Last week, the Mueller team intentionally leaked their list of questions they want to ask President Donald Trump. Many believe the leak was done just to help embarrass Trump and to try to force him to answer the questions, some of which seemed to be written in such a way as to entrap him in some lie that they could then use against him.
A few days later, US District Court Judge T.S. Ellis III, accused Special Counsel Robert Mueller and his team of lying, seeking ‘unfettered power’ and of being more interested in bringing down President Trump than the initial scope of his investigation.
Also last week was the bombshell statement by former New York City Mayor and new member of the Trump legal team, Rudy Giuliani, that Trump knowingly paid back his attorney Michael Cohen, the $130,000 he paid Stormy Daniels to be quiet about her allegations about Trump.
All of this has many Democrats drooling at the thought of somehow impeaching Donald Trump and removing him from office. Some are resting their hopes on possible obstruction of justice charges to impeach and remove Trump, but they forget that Bill Clinton was charged with obstruction of justice but was not removed from office after impeachment proceedings were brought against him.
How do voters feel on the topic? Do they think that Democrats running in the midterm elections this year should focus on a Trump impeachment or should they focus more on the policies that they differ with Trump on? Rasmussen Reports asked that question to likely voters and the response may surprise you.
“In fact, just 15% of Likely U.S. Voters believe focusing on the president’s possible impeachment is a better campaign strategy for Democratic congressional candidates than focusing on policy areas where they disagree with Trump. The latest Rasmussen Reports national telephone and online survey finds that 70% think focusing on policy differences is a better political strategy. Fifteen percent (15%) are not sure.”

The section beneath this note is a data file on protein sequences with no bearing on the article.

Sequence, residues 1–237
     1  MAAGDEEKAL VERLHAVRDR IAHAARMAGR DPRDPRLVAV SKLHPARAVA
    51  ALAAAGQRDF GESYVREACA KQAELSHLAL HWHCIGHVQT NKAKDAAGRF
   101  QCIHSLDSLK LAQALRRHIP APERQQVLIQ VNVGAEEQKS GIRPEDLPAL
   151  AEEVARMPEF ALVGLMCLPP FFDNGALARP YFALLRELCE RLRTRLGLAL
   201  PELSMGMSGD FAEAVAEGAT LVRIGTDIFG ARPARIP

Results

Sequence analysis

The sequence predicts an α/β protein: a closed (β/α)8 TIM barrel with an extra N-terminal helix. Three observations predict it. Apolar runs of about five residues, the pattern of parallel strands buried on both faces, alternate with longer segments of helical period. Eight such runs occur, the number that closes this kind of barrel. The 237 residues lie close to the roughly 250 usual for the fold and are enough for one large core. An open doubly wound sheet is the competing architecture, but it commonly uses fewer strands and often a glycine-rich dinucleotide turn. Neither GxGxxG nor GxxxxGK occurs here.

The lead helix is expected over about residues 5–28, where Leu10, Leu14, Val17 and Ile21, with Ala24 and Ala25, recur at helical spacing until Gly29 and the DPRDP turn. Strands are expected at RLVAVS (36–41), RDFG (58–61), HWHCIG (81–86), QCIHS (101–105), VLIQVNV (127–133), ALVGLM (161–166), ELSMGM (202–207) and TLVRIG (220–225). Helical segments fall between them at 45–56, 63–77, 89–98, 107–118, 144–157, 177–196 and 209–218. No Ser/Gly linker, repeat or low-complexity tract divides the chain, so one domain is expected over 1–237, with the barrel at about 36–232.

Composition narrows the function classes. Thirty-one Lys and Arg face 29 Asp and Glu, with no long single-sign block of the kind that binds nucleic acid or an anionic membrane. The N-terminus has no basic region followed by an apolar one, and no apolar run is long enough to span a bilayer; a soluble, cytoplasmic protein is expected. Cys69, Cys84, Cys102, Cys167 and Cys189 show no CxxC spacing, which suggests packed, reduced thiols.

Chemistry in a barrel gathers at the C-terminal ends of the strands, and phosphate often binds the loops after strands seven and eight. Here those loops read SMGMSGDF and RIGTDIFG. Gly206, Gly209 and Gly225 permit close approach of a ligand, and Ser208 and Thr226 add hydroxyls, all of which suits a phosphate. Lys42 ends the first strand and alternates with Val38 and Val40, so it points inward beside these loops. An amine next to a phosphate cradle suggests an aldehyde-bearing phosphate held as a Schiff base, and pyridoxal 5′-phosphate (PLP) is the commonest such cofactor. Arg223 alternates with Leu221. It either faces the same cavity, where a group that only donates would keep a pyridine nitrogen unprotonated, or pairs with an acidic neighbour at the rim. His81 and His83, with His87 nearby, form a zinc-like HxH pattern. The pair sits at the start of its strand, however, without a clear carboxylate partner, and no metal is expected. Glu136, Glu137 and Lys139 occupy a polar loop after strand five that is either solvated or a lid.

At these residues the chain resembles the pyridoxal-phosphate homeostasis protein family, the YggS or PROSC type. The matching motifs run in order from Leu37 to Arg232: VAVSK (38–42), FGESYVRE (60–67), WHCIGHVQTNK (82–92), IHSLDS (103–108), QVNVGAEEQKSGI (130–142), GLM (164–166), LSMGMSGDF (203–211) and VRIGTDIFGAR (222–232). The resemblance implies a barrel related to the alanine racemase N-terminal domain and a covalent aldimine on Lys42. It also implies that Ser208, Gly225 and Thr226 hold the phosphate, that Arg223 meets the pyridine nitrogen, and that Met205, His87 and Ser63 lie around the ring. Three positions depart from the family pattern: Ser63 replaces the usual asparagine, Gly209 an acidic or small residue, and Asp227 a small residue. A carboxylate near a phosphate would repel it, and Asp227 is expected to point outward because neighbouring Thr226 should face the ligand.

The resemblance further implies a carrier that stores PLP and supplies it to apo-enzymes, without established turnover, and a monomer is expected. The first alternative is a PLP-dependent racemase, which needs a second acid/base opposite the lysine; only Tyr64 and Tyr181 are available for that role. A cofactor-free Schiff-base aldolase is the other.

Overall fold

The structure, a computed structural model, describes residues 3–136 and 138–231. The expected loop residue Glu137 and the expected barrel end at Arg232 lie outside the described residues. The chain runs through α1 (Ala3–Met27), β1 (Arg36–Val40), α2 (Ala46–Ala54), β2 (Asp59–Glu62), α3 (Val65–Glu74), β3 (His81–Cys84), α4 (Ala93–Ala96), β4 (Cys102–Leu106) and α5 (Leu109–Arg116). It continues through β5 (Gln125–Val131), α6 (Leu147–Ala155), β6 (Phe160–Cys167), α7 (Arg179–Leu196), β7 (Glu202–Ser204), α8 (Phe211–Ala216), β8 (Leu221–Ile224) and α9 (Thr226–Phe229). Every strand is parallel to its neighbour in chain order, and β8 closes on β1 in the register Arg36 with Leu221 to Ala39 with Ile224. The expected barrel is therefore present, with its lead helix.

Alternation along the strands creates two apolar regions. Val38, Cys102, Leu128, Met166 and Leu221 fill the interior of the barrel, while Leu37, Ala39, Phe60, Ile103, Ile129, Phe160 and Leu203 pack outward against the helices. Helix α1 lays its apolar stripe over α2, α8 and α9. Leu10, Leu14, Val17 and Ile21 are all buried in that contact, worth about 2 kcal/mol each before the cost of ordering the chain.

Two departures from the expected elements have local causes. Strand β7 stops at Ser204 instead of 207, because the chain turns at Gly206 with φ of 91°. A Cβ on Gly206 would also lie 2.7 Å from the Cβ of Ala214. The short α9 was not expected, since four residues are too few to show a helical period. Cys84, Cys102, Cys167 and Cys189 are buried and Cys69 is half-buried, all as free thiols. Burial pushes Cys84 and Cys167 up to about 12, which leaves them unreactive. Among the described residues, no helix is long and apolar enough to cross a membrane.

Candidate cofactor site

Even the majority of Democrats who responded to the survey said they think candidates should focus more on policy issues than on the possibility of impeachment.
So, do voters in general believe that Trump will be impeached? According to the survey:
“Twenty-five percent (25%) say the president will be impeached before serving his first full-term in office. That compares to 29% in the previous survey.”
It seems that the mainstream media are the ones who want the American public to believe that Trump will be impeached but fortunately, their media propaganda doesn’t seem to be working as fewer and fewer people think that Trump will be impeached.
If the chance of Trump being impeached is shrinking and more people, including Democrats, believe the midterm elections should be about policies instead of possible impeachment, then what are Trump’s chances of being re-elected in 2020? According to the Rasmussen Reports survey:
“Forty-one percent (41%) now believe the president will be reelected in 2020, up from 34% in late December. Twenty-six percent (26%) still think Trump will be defeated by the Democratic nominee, but 31% felt that way four months ago.”
The bottom line, is that fewer voters (Republicans, Democrats and Independents) believe that Trump will be impeached and more voters (Republicans, Democrats and Independents) believe that Trump will be re-elected in 2020. Hopefully, this will help Republicans in this year’s midterm elections to retain control of both houses of Congress.